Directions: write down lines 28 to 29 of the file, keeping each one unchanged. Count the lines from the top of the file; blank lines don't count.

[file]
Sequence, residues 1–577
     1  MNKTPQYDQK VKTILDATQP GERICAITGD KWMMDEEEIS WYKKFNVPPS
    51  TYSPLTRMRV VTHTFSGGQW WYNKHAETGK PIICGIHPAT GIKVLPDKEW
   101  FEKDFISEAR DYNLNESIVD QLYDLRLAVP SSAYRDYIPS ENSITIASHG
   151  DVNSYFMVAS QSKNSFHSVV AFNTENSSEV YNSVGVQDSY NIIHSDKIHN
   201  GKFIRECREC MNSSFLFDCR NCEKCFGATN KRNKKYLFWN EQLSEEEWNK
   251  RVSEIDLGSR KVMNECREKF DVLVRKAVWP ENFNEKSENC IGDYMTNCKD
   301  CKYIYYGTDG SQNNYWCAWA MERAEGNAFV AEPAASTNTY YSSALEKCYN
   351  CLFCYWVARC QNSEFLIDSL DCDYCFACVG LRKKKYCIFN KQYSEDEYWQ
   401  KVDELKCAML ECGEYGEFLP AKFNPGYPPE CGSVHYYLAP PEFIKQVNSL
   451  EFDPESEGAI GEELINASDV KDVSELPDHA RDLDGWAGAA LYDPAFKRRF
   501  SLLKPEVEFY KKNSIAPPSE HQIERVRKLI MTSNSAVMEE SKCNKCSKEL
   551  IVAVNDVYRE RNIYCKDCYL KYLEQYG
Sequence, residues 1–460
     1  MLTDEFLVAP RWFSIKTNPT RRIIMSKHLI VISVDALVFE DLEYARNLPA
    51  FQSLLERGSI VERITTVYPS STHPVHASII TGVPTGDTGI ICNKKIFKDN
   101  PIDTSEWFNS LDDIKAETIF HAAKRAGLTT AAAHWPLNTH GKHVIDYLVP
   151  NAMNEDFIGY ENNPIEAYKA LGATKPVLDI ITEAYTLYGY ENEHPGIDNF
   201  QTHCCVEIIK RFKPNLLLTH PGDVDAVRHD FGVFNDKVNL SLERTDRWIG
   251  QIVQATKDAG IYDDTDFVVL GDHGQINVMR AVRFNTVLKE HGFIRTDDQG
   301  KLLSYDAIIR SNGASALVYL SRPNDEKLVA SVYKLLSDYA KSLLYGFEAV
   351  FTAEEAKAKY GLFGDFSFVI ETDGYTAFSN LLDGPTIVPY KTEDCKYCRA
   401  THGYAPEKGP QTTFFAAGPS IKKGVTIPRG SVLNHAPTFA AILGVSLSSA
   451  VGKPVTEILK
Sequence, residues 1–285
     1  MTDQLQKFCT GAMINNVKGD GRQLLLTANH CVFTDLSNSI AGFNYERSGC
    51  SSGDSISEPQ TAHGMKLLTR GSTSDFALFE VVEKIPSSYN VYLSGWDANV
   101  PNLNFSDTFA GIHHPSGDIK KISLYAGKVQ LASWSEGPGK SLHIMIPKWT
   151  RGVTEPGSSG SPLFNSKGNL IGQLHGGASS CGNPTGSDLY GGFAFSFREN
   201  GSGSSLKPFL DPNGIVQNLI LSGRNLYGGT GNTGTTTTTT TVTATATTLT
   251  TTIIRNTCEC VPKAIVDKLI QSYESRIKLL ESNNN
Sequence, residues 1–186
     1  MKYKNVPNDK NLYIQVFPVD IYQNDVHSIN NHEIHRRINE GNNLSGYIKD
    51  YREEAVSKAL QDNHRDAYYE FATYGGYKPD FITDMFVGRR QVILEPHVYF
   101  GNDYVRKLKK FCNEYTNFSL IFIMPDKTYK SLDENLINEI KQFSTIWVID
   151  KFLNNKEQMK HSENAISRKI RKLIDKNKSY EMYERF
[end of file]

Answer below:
   101  PNLNFSDTFA GIHHPSGDIK KISLYAGKVQ LASWSEGPGK SLHIMIPKWT
   151  RGVTEPGSSG SPLFNSKGNL IGQLHGGASS CGNPTGSDLY GGFAFSFREN